REVIEW / FANTASY ADVENTURE
ROGUE ONE: A STAR WARS STORY (PG)
134 minutes/Opens Dec 15/3.5 stars
The story: The Rebel Alliance recruits a reluctant Jyn Erso (Felicity Jones) in its war against the evil Galactic Empire. Her missing-for-years father Galen (Mads Mikkelsen) has secretly sent a message about the Empire's powerful new weapon, the Death Star, through former Imperial pilot Bodhi (Riz Ahmed). She embarks on a mission together with intelligence officer Cassian (Diego Luna), blind warrior Chirrut (Donnie Yen), freelance assassin Baze (Jiang Wen) and android K-2SO (Alan Tudyk) to track down her father - and finds out that the planet-zapping Death Star has a weakness. Rogue One is the callsign of the space vehicle that they travel in.
For those who have wondered how the Empire could build such a powerful weapon of destruction and yet conveniently leave a fatal flaw in it that would allow Luke Skywalker to destroy it in Star Wars: Episode IV - A New Hope (1977), this movie is for you.
Rogue One serves to bridge Episode III - Revenge Of The Sith (2005), which ends with the construction of the Death Star, and A New Hope, which starts with rebel leader Princess Leia having acquired the blueprint for it. But I suppose Episode 3.5 would have made for an awkward title.
Like the last Star Wars title, The Force Awakens (2015), this new instalment features a diverse cast in terms of gender and ethnicity.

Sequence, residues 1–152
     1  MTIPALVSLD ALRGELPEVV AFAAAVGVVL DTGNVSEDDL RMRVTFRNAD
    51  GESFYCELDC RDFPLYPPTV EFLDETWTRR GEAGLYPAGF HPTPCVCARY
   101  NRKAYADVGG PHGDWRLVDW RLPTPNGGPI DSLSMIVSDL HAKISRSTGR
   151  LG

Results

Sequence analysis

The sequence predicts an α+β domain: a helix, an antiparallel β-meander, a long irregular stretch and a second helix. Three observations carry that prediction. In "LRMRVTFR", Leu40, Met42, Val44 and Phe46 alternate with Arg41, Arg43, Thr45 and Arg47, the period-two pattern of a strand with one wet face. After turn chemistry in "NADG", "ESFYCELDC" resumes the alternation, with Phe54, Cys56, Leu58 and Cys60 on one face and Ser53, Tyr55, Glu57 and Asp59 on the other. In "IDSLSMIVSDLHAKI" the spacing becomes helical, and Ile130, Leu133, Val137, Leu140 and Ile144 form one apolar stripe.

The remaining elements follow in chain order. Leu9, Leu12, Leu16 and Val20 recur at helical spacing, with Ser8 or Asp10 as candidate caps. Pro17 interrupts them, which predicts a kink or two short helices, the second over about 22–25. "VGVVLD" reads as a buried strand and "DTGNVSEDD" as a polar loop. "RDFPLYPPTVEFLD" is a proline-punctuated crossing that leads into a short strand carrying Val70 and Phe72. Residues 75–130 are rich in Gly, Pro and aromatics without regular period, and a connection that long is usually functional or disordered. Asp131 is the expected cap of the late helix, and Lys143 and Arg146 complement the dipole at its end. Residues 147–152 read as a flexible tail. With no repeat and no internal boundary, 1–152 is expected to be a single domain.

Felicity Jones makes the jump from award-winning dramas (The Theory Of Everything, 2014) to big-budget movies (Inferno, 2016) and her strong-willed and quick-thinking heroine is compelling. Mexican actor Diego Luna and British-Pakistani actor-rapper Riz Ahmed are competent in their roles.
And, cue sigh of relief, Hong Kong action star Donnie Yen is no mere token presence. Chirrut is some kind of Jedi gongfu warrior and Yen gets to show off some moves and also has a poignant and pivotal scene towards the end. In comparison, acclaimed Chinese actor-director Jiang Wen has less to do, though he does make an impact of sorts with his screen presence.
There is also comic relief from K-2SO, a droll droid in the tradition of C-3PO, voiced by Alan Tudyk, once part of the short-lived space adventure series Firefly (2002).
While the movie is a little confusing to follow at the beginning, jumping as it does from location to location, director Gareth Edwards (Godzilla, 2014) soon gets a handle on its scale as he juggles more intimate moments between the characters with the bigger battle and space scenes.
So Rogue One is entertaining enough, but there is not much surprise as to how things turn out, given that we already know that Princess Leia has the plans in A New Hope. If only the story could have gone a little rogue.